High above our heads in Israel's skies, especially in metropolitan Tel Aviv, a cruel race is underway. Who will sell the apartment for the most astronomical and groundless price? The developers of the Meier on Rothschild Tower under construction at the corner of Allenby Street and Rothschild Boulevard, are asking NIS 170 million for the most expensive apartment, but they have been overtaken by the Dan Group, which is asking NIS 200 million for a penthouse in the tower planned for the old bus depot on Arlozorov Street.
In the land of the oligarchs which Israel has turned into, these are logical proportions: a man can live in an apartment worth 200 apartments of average families. When looking down on others from on high, people can become so small as to be indistinguishable.
The bitter irony is that that this social, architectural, and economic mutation, which flourishes like mushrooms after acid rain, with the support of some municipalities, beginning with the Tel Aviv-Jaffa Municipality, is being sold to us on the green building standard. We are told that to save land, cities must build skyward, and that skyscrapers are the answer. If it weren't so sad, we would burst out laughing.
The most expensive apartment in the Meier on Rothschild Tower is a monstrous 1,500 square meters in size. This is how much land is saved and tenants are crowded in. Just a hop and skip away, in another luxury skyscraper towering over Neve Tzedek at 1 Rothschild Boulevard, the average apartment size is 400 square meters. Some tenants have consolidated apartments taking over an entire floor or more. Each five-floor apartment utilizes the land, contributing to urban density more efficiently.
Environmentally friendly? Come on. Each apartment in these luxury towers comes with a package of several parking spaces, because most of the residents would not imagine using public transport or pedaling a bicycle. The 1 Rothschild Tower has a five-level (!) parking garage.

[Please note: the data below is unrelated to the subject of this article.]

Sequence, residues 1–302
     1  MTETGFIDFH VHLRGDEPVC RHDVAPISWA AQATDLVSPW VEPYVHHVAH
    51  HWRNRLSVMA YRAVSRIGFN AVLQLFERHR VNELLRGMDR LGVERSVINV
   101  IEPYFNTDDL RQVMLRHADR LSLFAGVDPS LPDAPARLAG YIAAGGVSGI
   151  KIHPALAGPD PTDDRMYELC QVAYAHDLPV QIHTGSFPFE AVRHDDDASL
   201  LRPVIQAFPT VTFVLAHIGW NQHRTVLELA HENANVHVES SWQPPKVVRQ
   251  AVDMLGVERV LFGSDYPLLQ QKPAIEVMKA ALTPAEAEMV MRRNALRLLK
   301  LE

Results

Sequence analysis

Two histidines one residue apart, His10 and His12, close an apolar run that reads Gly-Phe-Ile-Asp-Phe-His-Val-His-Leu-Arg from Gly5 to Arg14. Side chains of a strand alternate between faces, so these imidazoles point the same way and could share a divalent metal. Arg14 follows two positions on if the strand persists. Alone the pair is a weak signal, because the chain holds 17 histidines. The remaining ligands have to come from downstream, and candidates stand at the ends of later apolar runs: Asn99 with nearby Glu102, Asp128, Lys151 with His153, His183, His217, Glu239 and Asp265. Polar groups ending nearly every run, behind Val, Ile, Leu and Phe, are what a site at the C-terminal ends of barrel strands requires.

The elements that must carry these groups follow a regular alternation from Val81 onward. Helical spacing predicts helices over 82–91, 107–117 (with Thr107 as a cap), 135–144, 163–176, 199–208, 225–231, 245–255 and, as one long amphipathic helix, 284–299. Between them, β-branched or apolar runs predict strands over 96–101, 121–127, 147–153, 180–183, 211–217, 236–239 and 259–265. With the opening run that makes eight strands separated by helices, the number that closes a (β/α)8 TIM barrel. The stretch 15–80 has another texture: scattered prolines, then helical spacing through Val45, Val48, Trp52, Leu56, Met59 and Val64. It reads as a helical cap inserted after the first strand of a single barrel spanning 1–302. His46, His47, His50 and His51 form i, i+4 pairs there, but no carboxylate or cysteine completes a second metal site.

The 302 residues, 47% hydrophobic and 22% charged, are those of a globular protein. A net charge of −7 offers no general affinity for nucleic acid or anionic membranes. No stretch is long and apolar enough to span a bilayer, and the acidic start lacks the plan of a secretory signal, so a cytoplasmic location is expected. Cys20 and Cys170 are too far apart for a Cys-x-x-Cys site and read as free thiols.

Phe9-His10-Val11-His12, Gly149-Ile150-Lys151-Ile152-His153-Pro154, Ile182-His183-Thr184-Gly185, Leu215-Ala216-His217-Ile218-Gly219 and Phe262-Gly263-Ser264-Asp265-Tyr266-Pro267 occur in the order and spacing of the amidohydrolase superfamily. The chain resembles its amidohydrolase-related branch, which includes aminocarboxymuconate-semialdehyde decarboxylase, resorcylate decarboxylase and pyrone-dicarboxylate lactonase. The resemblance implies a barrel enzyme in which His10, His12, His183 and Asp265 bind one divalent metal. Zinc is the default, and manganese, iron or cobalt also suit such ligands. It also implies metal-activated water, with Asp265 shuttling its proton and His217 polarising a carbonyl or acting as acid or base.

Israel Electric Corporation (IEC) (TASE: ELEC.B22) knows that when it receives an order to connect the electricity to an apartment in a luxury tower, such as in Tel Aviv's Park Hatzameret, it's an order for current at ten times the rate of the hook-up of an average apartment. These apartments, out of their responsibility for the environment, are chock full of power-hungry appliances, including air conditioning and heating systems that are run round the clock.
The truth is that a calculation of the number of residents per acre or of energy consumption is the least important thing here. What is more painful and destructive is the luxury tower's damage to something more elusive and delicate, but whose complexity is also easily harmed: the urban fabric. The luxury towers are vertical ghettoes with virtually no contact with their environs. They are segregated from them by guards and concierges, smart elevators, and think glass.
These towers have their own swimming pools and fitness rooms, some even have brand-name stores located on private designer avenues. Some residents are not Israelis and do not reside in the country for most of the year. Their contribution to the municipal economic life is negligible. Instead, they drag the real estate market higher, and turn metropolitan Tel Aviv into a compound only for rich folk.
A vibrant and green city is a city in which most of its activity occurs at the street level: pedestrians and cyclists, at cafés, in parks and playground, and at small neighborhood shops, kindergartens, and schools. They all merge into each other, enabling life with social and human accessibility.
Here and there, Israeli cities, headed by Tel Aviv, still know how to be like this, but with each new skyscraper that is built, alienated and severed from its environment regardless of how many sophisticated recycling systems it contains, casts a shadow on the buildings around it and on the chances that a thriving urban scene can survive here for long.
Published by Globes [online], Israel business news - www.globes-online.com - on July 23, 2013
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